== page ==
Author Elisabeth Åsbrink
Publisher Other Press, LLC
Release Date 2020-01-21
Category History
Total Pages 320
ISBN 9781590519189
Language English, Spanish, and French
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Book Summary:

Winner of the August Prize, the story of the complicated long-distance relationship between a Jewish child and his forlorn Viennese parents after he was sent to Sweden in 1939, and the unexpected friendship the boy developed with the future founder of IKEA, a Nazi activist. Otto Ullmann, a Jewish boy, was sent from Austria to Sweden right before the outbreak of World War II. Despite the huge Swedish resistance to Jewish refugees, thirteen-year-old Otto was granted permission to enter the country—all in accordance with the Swedish archbishop’s secret plan to save Jews on condition that they convert to Christianity. Otto found work at the Kamprad family’s farm in the province of Småland and there became close friends with Ingvar Kamprad, who would grow up to be the founder of IKEA. At the same time, however, Ingvar was actively engaged in Nazi organizations and a great supporter of the fascist Per Engdahl. Meanwhile, Otto’s parents remained trapped in Vienna, and the last letters he received were sent from Theresienstadt. With thorough research, including personal files initiated by the predecessor to today’s Swedish Security Service (SÄPO) and more than 500 letters, Elisabeth Åsbrink illustrates how Swedish society was infused with anti-Semitism, and how families are shattered by war and asylum politics.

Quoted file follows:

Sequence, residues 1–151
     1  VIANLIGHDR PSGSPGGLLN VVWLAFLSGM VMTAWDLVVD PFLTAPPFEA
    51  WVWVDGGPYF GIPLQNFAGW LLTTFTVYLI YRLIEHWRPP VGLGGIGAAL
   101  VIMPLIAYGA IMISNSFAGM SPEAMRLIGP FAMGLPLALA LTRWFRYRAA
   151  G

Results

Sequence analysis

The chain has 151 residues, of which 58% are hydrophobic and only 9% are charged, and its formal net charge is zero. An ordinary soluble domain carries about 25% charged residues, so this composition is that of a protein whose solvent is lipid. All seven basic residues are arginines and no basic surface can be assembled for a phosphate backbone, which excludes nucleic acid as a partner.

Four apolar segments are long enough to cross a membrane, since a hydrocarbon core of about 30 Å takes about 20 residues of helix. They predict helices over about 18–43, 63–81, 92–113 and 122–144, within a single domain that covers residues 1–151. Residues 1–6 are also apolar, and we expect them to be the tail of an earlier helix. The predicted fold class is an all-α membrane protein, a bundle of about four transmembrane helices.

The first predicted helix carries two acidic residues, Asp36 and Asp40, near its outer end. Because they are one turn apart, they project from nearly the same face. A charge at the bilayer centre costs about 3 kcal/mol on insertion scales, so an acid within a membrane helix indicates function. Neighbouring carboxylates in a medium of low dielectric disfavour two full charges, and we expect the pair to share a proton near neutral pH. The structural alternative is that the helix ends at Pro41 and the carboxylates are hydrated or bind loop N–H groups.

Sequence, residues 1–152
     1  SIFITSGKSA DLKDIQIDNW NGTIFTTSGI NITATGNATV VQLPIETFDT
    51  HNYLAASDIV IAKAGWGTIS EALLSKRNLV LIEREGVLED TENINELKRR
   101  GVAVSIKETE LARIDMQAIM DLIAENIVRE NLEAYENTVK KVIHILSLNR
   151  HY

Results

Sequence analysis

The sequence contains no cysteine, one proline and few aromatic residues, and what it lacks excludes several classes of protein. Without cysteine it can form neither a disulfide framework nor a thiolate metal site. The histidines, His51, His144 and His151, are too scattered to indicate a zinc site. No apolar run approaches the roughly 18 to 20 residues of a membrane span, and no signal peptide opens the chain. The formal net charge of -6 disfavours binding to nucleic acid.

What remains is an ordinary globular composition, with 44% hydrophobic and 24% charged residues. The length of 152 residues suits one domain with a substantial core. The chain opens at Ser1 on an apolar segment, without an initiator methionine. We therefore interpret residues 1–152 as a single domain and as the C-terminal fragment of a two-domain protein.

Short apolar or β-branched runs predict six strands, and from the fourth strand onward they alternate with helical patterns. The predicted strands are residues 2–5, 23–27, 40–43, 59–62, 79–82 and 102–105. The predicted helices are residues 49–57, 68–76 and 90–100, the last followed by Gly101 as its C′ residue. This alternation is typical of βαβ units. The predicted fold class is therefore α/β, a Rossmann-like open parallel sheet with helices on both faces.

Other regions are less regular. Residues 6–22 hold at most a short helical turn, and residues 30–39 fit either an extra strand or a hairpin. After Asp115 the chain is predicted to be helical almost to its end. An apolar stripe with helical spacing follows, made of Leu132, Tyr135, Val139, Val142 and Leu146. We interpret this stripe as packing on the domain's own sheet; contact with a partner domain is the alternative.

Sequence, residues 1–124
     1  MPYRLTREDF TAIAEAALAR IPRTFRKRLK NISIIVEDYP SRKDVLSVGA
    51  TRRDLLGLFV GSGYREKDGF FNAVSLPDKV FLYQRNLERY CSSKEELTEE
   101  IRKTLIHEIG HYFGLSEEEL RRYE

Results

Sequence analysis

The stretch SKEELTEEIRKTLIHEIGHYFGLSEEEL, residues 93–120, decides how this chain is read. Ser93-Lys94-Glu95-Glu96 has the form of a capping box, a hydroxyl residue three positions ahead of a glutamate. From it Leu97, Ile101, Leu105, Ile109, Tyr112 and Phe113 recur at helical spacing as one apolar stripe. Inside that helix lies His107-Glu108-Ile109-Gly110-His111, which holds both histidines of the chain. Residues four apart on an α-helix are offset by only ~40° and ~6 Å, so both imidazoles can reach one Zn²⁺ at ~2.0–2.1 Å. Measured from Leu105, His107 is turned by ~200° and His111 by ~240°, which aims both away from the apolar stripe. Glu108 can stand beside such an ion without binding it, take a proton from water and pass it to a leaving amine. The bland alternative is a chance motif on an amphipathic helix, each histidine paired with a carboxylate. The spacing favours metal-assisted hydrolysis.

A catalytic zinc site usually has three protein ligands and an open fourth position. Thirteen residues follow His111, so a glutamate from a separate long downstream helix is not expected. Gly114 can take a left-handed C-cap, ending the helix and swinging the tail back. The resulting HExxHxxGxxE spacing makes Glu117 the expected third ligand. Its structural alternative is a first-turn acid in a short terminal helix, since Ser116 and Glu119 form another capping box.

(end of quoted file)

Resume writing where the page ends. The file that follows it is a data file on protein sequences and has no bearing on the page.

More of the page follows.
The Chapo Guide To Revolution by Chapo Trap House

Title The Chapo Guide to Revolution
Author Chapo Trap House
Publisher Atria Books
Release Date 2019-10-15
Category Humor
Total Pages 320
ISBN 9781501187292
Language English, Spanish, and French
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Book Summary:

Instant New York Times bestseller “Howard Zinn on acid or some bullsh*t like that.” —Tim Heidecker The creators of the cult-hit podcast Chapo Trap House deliver a manifesto for everyone who feels orphaned and alienated—politically, culturally, and economically—by the lanyard-wearing Wall Street centrism of the left and the lizard-brained atavism of the right: there is a better way, the Chapo Way. In a guide that reads like “a weirder, smarter, and deliciously meaner version of The Daily Show’s 2004 America (The Book)” (Paste), Chapo Trap House shows you that you don’t have to side with either sinking ships. These self-described “assholes from the internet” offer a fully ironic ideology for all who feel politically hopeless and prefer broadsides and tirades to reasoned debate. Learn the “secret” history of the world, politics, media, and everything in-between that THEY don’t want you to know and chart a course from our wretched present to a utopian future where one can post in the morning, game in the afternoon, and podcast after dinner without ever becoming a poster, gamer, or podcaster. A book that’s “as intellectually serious and analytically original as it is irreverent and funny” (Glenn Greenwald, New York Times bestselling author of No Place to Hide) The Chapo Guide to Revolution features illustrated taxonomies of contemporary liberal and conservative characters, biographies of important thought leaders, “never before seen” drafts of Aaron Sorkin’s Newsroom manga, and the ten new laws that govern Chapo Year Zero (everyone gets a dog, billionaires are turned into Soylent, and logic is outlawed). If you’re a fan of sacred cows, prisoners being taken, and holds being barred, then this book is NOT for you. However, if you feel disenfranchised from the political and cultural nightmare we’re in, then Chapo, let’s go…